Starting Five: Lew Alcindor, Lucius Allen, Lynn Shackelford, Mike Warren, Mike Lynn
In the late 1960s, John Wooden was establishing his empire and stacking up national championships in Westwood. When the 1967-68 Bruins started rolling, they were nearly impossible to beat. UCLA’s sole loss during the season came against Houston in the Game of the Century when Lew Alcindor (Kareem Abdul-Jabbar) was recovering from a scratched cornea.
Alcindor was a once-in-a-lifetime player. His dominance did not come only because of his size and length. He ruled games by his surprising agility. Because the slam dunk was not allowed in college hoops, he was forced to develop post moves and shooting skills that he would not have otherwise.
Without a doubt, this could have easily become a one-player show. But Wooden, the quintessential teacher of team, made sure that the Bruins were balanced. Alcindor was not alone on the court. All five starters averaged double figures. Lucius Allen stood out as a true shooter who lessened some of the pressure in the paint.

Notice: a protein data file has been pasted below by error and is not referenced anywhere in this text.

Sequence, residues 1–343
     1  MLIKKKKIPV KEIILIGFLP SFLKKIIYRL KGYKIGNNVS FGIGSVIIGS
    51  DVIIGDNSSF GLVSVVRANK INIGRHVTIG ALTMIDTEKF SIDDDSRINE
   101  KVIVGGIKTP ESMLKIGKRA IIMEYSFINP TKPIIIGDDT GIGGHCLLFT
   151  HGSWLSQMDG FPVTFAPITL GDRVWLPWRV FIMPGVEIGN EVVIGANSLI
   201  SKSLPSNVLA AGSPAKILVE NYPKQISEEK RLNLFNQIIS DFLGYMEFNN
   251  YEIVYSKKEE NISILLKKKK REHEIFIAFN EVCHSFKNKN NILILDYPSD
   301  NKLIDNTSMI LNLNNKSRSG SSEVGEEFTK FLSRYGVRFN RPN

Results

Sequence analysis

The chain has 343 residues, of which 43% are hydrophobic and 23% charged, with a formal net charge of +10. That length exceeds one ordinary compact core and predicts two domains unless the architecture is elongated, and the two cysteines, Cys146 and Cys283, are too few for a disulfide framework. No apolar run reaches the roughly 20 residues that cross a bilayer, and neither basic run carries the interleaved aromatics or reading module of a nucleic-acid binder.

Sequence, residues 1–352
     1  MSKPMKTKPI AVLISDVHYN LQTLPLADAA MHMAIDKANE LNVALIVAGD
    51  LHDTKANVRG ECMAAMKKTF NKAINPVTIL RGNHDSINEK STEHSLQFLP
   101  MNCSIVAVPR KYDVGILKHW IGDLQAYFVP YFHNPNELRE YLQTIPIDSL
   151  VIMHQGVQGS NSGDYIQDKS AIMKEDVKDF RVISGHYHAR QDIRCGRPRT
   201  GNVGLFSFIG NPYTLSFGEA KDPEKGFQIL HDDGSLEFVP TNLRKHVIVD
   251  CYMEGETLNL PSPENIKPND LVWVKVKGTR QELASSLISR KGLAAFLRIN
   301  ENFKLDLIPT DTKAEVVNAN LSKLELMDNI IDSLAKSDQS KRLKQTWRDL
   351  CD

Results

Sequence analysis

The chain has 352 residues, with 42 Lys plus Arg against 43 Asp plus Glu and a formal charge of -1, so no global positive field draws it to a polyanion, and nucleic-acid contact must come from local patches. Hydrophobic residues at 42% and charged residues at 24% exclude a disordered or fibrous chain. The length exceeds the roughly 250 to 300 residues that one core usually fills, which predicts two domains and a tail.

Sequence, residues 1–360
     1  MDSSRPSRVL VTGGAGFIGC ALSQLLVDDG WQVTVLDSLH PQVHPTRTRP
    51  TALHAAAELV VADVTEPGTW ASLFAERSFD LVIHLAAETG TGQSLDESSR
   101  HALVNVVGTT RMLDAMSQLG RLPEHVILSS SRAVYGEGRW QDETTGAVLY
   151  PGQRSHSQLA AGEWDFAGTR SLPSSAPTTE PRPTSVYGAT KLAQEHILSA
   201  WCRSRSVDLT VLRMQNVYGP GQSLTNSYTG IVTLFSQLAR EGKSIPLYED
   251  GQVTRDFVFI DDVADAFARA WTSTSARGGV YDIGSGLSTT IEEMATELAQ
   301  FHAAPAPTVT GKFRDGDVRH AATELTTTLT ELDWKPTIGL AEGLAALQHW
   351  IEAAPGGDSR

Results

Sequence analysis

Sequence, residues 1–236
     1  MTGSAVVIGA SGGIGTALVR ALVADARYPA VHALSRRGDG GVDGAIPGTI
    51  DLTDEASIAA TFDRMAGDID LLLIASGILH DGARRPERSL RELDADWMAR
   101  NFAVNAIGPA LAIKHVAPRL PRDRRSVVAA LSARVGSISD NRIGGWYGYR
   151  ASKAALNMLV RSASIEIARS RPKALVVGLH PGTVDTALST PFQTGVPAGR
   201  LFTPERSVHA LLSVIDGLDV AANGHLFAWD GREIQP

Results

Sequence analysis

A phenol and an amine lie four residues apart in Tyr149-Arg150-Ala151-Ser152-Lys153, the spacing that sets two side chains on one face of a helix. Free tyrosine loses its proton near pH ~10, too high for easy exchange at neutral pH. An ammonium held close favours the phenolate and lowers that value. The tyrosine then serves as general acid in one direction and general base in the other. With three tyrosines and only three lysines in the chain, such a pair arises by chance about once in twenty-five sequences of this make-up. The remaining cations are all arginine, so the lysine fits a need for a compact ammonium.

This version of UCLA basketball brilliance was at full luster when it came to the 1968 Final Four. In the national semifinal game against Houston, Alcindor was at full strength and the Bruins crushed the Cougars by 32. The championship contest was not much closer, as Wooden’s warriors trampled the North Carolina Tar Heels, 78-55.
CBSSports.com’s Jeff Borzello makes a great point about this UCLA team. He said:
A team with one loss might scare some away from anointing this version of the Bruins as one of the greatest of all time, but it shouldn't. UCLA steamrolled teams, averaging 93.4 points per game and beating teams by 26.2 per game.